To properly understand the effects of stress on your health, you need to know the difference between acute and chronic stress:
This is stress that gives us the strength to tackle hard things and to deal with all of the negative stressors that face us each day. Acute stress involves dealing with an upset customer, dealing with a driver on the road that has cut you off, or dealing with common relationship issues that come up every day and are resolved. Acute stress has a beginning, a middle, and an end.
In acute stress, you can identify the stressor and you can identify how you are going to deal with it. The stress can be minor or severe but your “fight or flight” response kicks in to take care of the stressor. It doesn’t last long and you soon handle the stressor so that you are back in homeostasis with normal levels of stress hormones and a smooth feeling inside that means the stress has been handled.
Chronic stress seems to have no beginning, middle, or end. It comes on and stays on no matter how you react. Chronic stress comes from bad relationships with chronic infighting, never-ending rush hour traffic that comes back day after day, and from chronic pressures at work that you can’t seem to dig yourself out of. This is stress that brings your heart rate up and blood pressure up on a chronic or repetitive basis so that you always feel on edge about life and you can’t trust your feelings.
Chronic stress is much more common, sadly, than acute stress. Chronic stress is a part of most people’s lives because we try to fit everything into our life without realizing that there isn’t enough time to get everything done. We put ourselves in chronically stressful circumstances in part because it is all around us and in part, because we don’t realize that we are not invincible and take on things that we shouldn’t have to take on.
We set ourselves up for chronic stress because we don’t really know that it is possible to live well without stress. We think that chronic stress is the way everyone lives and we let the stressors of others add onto our own stressors. This is called suffering from “secondhand stress.”
The Function of Acute Stress
Acute stress is adaptive. It is in place so we can be aware of dangerous situations around us and so we can be motivated to handle things that come our way. If we didn’t have acute stress, we wouldn’t have the reflexes to avoid the person trying to cut us off on the road and we wouldn’t be able to handle and unruly customer or coworker.
During acute stress, our hypothalamus identifies a stressor and releases signals that tell the adrenal medulla to release epinephrine and norepinephrine. These “fight or flight” hormones allow the blood pressure to go up, increase sugar in the bloodstream for use as brain fuel so we can think clearly and act appropriately, and shunt blood away from the digestive system and other core organs so that it can be used to strengthen the muscles if they are needed to fight or flee from an aggressive situation.
Acute stress has a purpose when we are really encountering something dangerous. It is what our ancestors thousands of years ago used in order to survive attacks from dangerous animals or to attack animals for use as food. It was a necessary part of living in the Stone Age when there were real dangers out there and a need to use the fight or flight response on a daily basis.
Chronic Stress Today
Now there are fewer real dangers out there, the stress response becomes maladaptive. For example, we might see our boss as a danger and might feel the fight or flight response whenever we are called into the boss’s office. This becomes chronic stress when we begin to worry about the boss even when we are not around him/her.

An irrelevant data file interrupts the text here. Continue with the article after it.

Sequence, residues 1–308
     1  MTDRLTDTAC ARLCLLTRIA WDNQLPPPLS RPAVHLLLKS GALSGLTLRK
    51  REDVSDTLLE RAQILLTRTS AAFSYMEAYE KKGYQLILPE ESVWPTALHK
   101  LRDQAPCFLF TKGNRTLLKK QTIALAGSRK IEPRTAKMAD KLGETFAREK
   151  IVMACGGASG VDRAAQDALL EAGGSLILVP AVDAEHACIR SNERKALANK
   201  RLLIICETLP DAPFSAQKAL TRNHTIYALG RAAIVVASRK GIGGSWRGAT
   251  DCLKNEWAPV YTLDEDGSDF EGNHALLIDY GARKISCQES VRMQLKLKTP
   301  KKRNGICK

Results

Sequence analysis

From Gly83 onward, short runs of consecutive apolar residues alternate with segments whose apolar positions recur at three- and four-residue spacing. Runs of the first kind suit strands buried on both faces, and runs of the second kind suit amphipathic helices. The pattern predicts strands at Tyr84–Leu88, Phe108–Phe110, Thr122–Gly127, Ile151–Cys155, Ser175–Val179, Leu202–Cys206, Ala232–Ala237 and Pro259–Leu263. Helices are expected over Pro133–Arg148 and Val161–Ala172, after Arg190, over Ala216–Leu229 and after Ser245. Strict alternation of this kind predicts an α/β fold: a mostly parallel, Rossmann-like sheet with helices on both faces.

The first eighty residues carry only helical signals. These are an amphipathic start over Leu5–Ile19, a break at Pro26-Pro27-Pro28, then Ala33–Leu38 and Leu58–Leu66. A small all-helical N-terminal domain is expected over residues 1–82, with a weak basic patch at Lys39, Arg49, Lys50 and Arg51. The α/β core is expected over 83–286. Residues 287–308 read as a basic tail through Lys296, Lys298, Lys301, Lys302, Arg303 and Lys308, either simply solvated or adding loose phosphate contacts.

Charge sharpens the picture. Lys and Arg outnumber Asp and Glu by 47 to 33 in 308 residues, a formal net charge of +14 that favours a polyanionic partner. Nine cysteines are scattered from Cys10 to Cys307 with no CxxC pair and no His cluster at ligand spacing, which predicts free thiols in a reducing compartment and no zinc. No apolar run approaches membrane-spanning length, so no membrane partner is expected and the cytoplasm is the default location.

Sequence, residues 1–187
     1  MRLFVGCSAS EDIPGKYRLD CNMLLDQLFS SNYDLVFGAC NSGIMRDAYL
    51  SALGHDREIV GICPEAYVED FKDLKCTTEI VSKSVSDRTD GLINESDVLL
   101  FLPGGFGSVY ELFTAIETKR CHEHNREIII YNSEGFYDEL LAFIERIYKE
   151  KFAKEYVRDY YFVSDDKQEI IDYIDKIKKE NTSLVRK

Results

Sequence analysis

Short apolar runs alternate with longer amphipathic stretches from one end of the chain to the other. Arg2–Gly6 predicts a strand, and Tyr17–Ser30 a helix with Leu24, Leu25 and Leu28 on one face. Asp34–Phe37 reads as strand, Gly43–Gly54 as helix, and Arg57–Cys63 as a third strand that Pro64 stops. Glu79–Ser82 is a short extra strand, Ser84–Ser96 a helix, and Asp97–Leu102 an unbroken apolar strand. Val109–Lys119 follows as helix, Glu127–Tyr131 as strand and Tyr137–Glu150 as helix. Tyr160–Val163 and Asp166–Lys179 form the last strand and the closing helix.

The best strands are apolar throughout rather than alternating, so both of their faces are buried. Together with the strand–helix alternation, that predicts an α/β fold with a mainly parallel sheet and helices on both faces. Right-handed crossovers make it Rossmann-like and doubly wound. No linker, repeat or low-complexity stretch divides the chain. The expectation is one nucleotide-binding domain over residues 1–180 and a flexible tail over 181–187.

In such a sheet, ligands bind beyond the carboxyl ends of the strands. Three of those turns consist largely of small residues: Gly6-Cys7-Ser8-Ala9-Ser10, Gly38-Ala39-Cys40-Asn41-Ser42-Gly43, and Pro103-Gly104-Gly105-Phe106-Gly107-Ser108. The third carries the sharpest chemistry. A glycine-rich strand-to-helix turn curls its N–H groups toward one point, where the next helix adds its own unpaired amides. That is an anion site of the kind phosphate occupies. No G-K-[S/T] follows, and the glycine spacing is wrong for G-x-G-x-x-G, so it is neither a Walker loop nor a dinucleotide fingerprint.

In the case of relationships that are stressful, we are always on guard and are always expecting an argument or other type of relationship trouble. We stay in the relationship because we think things will get better or we won’t get any better from someone else. In such cases, we put ourselves in the way of chronic stress without realizing the effect it has on our bodies.
Chronic stress can lead to heart disease and stress on the heart because our heart rate and blood pressure are always up and the blood sugar is elevated above normal much of the time. Stress contributes to high blood sugar and insulin resistance so that people who live under chronic stress live with the risk of type 2 diabetes.
Type 2 diabetes is a risk factor for atherosclerotic heart disease including stroke, peripheral vascular disease, and heart attacks. When we live under situations of chronic stress, we don’t know anything different and we don’t often see the connection between being sick all the time and the stress we’re under.
Chronic stress also adds to high cortisol levels. Cortisol is released by the adrenal cortex and its function in acute stress is to raise blood sugar for fuel and to reduce the function of the immune system temporarily.
When cortisol is continued to be elevated, it contributes to diabetes and to having a higher risk of getting sick from viruses like colds and flu. Cortisol, which is supposed to be helpful to us in the short run, becomes our biggest enemy. It leads to chronic diseases that, once we get them, we can’t get rid of them, even when the stress becomes less.
Fighting off Stress
We can’t reduce all of the stress in our lives, but we can do something about coping with chronic stress. We can take the time to exercise, which releases endorphins and makes us feel better. We can practice meditation or yoga in order to help reduce feelings of stress on a daily basis.
We can set limits on being around stressful people so we don’t get secondhand stress. There is much we can do to decrease the stress in our lives once we recognize it and do what it takes to eliminate those things that it is possible to eliminate, using healthy tactics to cope with what we can’t avoid.